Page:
One criticism of "fideism" is that it calls for the abandonment of reason and common sense, but as we see, that critique is spurious:
I close this section with a few extracts from a recent work of one of our most distinguished writers; not that I think additional arguments necessary, but because the authority of Scripture is more successfully used than any thing else to reconcile good minds to slavery.
"This very course, which the Gospel takes on this subject, seems to have been the only one that could have been taken in order to effect the universal abolition of slavery. The Gospel was designed, not for one race or for one time, but for all races and for all times. It looked, not at the abolition of this form of evil for that age alone, but for its universal abolition. Hence the important object of its author was to gain it a lodgment in every part of the known world; so that, by its universal diffusion among all classes of society, it might quietly and peacefully modify and subdue the evil passions of men; and thus, without violence, work a revolution in the whole mass of mankind. In this manner alone could its object, a universal moral revolution, have been accomplished.
For if it had forbidden the EVIL, instead of subverting the PRINCIPLE, if it had proclaimed the unlawfulness of slavery, and taught slaves to RESIST the oppression of their masters, it would instantly have arrayed the two parties in deadly hostility throughout the civilized world; its announcement would have been the signal of servile war; and the very name of the Christian religion would have been forgotten amidst the agitations of universal bloodshed. The fact, under these circumstances, that the Gospel does not forbid slavery, affords no reason to suppose that it does not mean to prohibit it; much less does it afford ground for belief that Jesus Christ intended TO AUTHORIZE IT.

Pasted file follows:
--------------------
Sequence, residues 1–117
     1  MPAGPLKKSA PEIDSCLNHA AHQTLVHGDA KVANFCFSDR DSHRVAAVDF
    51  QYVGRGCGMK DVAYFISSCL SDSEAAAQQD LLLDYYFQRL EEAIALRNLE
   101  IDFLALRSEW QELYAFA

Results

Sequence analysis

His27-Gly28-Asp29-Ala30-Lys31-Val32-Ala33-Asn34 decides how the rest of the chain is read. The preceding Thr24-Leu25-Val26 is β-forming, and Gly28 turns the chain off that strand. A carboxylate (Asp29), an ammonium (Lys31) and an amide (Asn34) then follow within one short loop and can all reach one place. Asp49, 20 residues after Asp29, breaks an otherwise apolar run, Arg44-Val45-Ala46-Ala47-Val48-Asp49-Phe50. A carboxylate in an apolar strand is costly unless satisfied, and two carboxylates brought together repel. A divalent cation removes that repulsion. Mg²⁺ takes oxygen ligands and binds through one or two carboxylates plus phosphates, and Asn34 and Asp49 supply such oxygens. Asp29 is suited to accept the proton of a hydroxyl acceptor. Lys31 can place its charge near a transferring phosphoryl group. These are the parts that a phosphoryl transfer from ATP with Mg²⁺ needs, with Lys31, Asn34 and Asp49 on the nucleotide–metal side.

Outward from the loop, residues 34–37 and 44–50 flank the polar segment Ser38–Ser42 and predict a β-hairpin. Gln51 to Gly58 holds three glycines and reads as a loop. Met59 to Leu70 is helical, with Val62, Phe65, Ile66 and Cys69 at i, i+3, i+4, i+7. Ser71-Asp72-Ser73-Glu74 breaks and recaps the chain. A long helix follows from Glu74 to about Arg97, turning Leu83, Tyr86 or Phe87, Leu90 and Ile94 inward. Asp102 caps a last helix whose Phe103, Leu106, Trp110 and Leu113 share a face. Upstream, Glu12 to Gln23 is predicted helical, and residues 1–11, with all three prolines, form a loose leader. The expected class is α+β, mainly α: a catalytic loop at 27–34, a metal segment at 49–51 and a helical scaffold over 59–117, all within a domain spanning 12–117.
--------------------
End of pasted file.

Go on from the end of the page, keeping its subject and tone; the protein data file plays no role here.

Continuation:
"It is important to remember, that two grounds of moral obligation are distinctly recognised in the Gospel. The first is our duty to man as man; that is, on the ground of the relation which men sustain to each other; the second is our duty to man as a creature of God; that is, on the ground of the relation which we all sustain to God. --Now it is to be observed, that it is precisely upon this latter ground that the slave is commanded to obey his master. It is never urged, like the duty of obedience to parents, because it is right, but because the cultivation of meekness and forbearance under injury will be well-pleasing unto God. --The manner in which the duty of servants or slaves is inculcated, therefore, affords no ground for the assertion, that the Gospel authorizes one man to hold another in bondage, any more than the command to honor the king, when that king was Nero, authorized the tyranny of the emperor; or than the command to turn the other cheek, when one is smitten, justifies the infliction of violence by an injurious man."*
*Wayland's "Elements of Moral Science," pages 225 and 226. The discussion of Slavery, in the chapter from which these extracts are made, is well worthy attention.